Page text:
October is National Work and Family Month, and to celebrate, the IRS is issuing informative tips on the work-life balance. Topics include family businesses, family tax credits, military tax benefits, scams and security issues.
National Work and Family Month was established by a 2003 Senate resolution. October was chosen to help communicate and celebrate progress towards creating more flexible work environments and helping Americans better balance their work-life commitments.
Employer Credit for Paid Family and Medical Leave
This credit highlights the spirit of National Work and Family Month. Eligible employers who provide paid family and medical leave to their employees in 2019 may qualify for a business credit. An employer must have a written policy to qualify. The policy should provide:
- At least two weeks of paid family and medical leave annually to full-time employees, prorated for part-time employees.
- Family and medical leave pay that is at least 50% of an employee’s wages.
For tax years 2018 and 2019, the worker must earn $72,000 or less to qualify. The credit ranges from 12.5% to 25% of wages paid to qualifying employees. Some employers, the IRS says, may be eligible to claim the credit retroactively.
Wages qualifying for the credit should have been paid in tax years beginning after Dec. 31, 2017, and before Jan. 1, 2020. Tax year 2019 is generally the last year most employers can claim this credit.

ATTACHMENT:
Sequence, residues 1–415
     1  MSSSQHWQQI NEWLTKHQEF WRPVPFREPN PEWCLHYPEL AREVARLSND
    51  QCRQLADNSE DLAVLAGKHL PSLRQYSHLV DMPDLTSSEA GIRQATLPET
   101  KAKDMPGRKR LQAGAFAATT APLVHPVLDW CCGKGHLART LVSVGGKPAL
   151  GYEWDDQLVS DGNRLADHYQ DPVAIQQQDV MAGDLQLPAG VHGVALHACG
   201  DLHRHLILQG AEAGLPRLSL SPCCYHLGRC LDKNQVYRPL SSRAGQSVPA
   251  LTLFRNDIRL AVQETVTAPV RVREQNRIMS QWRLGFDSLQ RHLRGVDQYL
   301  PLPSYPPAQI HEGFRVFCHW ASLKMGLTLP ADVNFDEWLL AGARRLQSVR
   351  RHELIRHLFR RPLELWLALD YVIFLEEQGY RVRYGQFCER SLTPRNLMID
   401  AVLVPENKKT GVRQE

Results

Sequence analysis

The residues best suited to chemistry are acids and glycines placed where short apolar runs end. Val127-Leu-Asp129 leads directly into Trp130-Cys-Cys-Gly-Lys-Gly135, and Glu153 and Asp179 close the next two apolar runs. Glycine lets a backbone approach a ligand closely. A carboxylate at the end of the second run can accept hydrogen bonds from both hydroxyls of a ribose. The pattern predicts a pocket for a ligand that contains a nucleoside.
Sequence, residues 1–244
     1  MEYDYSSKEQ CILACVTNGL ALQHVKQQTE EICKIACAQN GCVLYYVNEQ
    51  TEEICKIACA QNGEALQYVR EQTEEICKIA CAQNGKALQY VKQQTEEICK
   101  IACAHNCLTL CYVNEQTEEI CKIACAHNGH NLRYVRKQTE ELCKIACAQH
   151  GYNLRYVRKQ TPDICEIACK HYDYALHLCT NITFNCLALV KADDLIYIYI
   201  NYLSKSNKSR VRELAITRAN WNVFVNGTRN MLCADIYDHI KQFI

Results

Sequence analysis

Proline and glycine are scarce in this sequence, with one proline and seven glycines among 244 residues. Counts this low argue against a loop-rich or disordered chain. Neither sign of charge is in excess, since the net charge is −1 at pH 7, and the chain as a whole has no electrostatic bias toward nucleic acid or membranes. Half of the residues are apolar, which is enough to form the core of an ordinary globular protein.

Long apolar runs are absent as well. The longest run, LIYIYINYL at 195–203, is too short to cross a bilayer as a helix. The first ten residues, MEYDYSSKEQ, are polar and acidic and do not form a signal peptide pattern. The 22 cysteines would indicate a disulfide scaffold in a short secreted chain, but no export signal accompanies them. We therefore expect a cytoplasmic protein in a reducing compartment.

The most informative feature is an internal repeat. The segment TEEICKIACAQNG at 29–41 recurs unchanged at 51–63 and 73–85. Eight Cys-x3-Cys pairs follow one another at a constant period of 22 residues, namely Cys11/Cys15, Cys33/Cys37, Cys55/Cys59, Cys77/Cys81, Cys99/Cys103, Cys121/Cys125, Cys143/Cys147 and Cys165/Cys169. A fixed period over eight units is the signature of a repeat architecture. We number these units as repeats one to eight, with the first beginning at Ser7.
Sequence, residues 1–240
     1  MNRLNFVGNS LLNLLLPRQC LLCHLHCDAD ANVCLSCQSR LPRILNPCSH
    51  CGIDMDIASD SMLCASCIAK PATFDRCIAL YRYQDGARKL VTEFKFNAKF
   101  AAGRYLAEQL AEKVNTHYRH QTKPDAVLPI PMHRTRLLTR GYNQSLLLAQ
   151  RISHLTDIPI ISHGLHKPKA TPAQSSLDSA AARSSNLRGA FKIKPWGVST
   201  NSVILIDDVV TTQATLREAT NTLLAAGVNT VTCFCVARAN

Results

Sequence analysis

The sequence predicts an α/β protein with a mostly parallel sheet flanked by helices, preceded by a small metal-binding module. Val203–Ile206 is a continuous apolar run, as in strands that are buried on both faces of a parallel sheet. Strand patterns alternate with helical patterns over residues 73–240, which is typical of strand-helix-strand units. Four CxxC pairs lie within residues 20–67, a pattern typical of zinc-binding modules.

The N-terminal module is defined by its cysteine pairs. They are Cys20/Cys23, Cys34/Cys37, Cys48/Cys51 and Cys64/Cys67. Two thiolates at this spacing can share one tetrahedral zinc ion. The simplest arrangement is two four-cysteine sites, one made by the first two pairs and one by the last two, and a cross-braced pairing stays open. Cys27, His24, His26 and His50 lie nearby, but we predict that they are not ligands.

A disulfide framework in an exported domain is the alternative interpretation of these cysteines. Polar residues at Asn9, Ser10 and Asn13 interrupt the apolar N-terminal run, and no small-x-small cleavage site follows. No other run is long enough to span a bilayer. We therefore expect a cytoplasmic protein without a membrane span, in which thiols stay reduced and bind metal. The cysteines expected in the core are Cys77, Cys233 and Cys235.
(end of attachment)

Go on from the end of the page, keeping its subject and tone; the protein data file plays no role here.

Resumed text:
Family and Medical Leave Act
FMLA traces its roots back to 2003 and requires covered employers to provide employees with job-protected and unpaid leave for qualified medical and family reasons. The law specifies certain types of employees who qualify for up to 12 weeks of unpaid, job-protected leave per year. During the leave period the employee’s group health benefits are also protected.
FMLA is designed to help employees balance their work and family responsibilities by allowing them to take reasonable unpaid leave for specific family and medical reasons.
For more information, check out “Employer Credit for Paid Family and Medical Leave,” available at IRS.gov. Other resources include the “Highlights of Tax Reform for Businesses” and “Employers may Claim Tax Credit for Providing Paid Family and Medical Leave to Employees” web pages.